Although only in its alpha stage, Drive Smart has the potential to make roads a lot safer.
Ross Muller designed the prototype after being involved in a serious accident.
"The gentleman that hit me was a young driver who I believe was distracted by his phone, so it sparked my interest," said Muller, who then decided to find a way to curb distracted driving among young drivers.
After two years of trial and error, Muller came up with an idea that utilizes something in almost every car - the cigarette lighter.
"It's just a 12-point inverter. They're very common when you use cell phone chargers or radio detectors," Muller said. "It's pretty much that right there, but it'll emit a Bluetooth signal."
Once fully operational, Drive Smart would make it so that once a driver turns on the ignition, their smartphone loses much of its functionality.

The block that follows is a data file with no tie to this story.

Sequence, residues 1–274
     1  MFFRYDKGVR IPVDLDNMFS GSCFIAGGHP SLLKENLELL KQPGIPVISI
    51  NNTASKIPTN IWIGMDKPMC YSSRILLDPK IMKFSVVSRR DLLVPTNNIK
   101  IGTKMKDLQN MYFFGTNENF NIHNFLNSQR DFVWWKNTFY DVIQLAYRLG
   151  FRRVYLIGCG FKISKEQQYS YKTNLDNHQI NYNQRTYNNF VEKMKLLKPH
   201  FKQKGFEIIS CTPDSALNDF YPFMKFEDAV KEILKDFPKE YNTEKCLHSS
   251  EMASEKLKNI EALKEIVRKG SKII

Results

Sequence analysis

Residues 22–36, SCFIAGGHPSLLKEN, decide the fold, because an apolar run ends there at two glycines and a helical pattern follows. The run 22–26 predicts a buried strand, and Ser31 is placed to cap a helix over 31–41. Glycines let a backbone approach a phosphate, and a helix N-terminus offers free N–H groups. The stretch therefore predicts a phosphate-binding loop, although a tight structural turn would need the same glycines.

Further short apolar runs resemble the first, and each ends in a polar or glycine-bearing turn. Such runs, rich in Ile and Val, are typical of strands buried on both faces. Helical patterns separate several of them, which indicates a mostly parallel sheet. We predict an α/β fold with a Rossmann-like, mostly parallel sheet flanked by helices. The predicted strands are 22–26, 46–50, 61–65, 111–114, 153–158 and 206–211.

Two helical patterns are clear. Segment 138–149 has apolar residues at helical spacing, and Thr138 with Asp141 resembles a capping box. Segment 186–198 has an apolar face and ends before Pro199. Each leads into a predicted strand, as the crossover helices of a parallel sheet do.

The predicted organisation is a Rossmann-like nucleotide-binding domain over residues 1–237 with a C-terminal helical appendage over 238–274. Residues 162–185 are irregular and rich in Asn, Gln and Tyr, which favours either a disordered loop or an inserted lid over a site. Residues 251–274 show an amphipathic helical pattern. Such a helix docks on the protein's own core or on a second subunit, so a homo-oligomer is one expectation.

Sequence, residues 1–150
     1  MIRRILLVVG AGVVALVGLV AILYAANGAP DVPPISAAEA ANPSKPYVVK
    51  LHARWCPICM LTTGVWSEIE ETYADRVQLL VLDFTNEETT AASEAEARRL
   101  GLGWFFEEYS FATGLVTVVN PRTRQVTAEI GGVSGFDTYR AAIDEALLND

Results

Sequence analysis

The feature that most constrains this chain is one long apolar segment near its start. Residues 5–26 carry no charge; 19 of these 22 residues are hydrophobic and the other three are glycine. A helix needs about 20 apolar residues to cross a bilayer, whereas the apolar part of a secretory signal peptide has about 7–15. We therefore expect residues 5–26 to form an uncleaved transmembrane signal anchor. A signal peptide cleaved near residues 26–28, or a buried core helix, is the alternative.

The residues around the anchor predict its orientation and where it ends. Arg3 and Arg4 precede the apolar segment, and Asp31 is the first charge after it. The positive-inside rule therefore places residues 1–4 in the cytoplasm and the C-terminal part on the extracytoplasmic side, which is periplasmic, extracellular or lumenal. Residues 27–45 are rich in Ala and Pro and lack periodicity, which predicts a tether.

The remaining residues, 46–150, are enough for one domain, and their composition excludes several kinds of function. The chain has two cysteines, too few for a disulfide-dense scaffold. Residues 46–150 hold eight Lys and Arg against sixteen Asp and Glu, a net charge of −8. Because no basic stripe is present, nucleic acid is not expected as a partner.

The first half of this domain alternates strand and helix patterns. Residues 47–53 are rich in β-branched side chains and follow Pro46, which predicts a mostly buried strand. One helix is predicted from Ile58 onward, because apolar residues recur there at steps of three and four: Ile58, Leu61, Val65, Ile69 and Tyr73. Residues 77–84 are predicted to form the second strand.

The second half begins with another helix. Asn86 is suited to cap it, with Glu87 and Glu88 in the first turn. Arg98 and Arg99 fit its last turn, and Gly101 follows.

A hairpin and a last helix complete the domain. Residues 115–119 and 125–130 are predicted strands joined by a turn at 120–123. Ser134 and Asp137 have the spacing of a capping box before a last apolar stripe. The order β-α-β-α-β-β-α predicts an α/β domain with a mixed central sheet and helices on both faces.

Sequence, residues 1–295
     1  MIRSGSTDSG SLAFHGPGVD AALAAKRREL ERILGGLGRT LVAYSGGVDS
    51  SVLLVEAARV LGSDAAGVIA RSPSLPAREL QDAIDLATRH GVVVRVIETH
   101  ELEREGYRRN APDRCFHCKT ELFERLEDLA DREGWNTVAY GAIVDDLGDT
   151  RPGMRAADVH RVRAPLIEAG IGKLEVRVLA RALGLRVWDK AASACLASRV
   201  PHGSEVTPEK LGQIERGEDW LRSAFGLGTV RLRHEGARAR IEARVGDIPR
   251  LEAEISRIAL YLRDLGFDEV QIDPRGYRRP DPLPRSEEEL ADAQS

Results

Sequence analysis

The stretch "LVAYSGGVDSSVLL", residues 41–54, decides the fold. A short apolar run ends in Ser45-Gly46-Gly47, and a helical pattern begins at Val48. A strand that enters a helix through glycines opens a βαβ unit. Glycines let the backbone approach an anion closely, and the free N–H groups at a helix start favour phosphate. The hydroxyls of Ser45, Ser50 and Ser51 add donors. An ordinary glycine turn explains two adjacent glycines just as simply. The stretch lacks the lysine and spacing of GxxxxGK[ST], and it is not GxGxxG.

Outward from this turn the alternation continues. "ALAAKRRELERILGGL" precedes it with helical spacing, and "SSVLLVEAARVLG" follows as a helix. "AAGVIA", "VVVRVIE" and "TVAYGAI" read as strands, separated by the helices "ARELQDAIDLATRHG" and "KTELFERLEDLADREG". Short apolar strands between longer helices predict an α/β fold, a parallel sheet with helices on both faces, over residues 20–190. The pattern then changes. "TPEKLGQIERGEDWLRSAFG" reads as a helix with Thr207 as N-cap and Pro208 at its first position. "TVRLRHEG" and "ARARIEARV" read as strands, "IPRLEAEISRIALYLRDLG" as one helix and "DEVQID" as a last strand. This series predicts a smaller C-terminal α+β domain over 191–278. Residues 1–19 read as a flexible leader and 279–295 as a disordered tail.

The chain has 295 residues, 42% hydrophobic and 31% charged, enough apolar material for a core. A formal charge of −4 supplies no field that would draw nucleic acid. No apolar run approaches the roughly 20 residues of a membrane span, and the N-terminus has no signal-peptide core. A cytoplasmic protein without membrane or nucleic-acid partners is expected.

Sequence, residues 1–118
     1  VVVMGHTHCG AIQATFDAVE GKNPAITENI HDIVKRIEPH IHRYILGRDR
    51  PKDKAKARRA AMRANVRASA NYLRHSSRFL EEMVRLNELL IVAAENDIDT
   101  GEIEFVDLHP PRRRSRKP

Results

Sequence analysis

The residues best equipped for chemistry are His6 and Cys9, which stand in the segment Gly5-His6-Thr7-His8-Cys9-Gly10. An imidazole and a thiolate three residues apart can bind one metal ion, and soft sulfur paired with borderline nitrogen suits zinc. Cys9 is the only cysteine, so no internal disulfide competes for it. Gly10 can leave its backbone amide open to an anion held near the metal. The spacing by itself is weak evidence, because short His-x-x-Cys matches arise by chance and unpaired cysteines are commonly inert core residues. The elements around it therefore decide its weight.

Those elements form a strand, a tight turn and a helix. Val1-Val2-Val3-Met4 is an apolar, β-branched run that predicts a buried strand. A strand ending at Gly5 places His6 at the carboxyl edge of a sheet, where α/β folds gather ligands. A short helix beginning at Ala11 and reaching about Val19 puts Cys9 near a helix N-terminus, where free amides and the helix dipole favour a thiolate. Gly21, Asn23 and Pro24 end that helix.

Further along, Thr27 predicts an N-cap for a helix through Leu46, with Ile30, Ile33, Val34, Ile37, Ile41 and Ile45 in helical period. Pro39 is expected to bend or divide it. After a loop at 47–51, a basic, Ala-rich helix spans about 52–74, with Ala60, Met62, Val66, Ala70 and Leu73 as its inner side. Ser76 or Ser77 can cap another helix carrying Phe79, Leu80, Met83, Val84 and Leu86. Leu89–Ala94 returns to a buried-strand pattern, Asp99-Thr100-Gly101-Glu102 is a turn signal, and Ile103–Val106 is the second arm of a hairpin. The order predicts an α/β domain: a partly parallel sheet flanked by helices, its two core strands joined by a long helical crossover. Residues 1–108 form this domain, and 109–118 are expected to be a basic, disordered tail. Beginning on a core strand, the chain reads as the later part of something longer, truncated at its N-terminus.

"Once the drive smart device is powered on, it'll lock the cell phone. The only two things you can do on the cell phone is make an emergency phone call, or call the parents home phone," Muller said.
Law enforcement officials say the idea could aid in cutting down on distracted driving.
"It's a step in the right direction any time you can get a device to help with the young people to avoid having wrecks and fatalities. It's a plus for us," said Lt. Calvin Hutchins of the Pascagoula Police Department.
Drive Smart is currently in the patent process. Muller plans to exhibit the invention to potential distributors at a conference later in the week.
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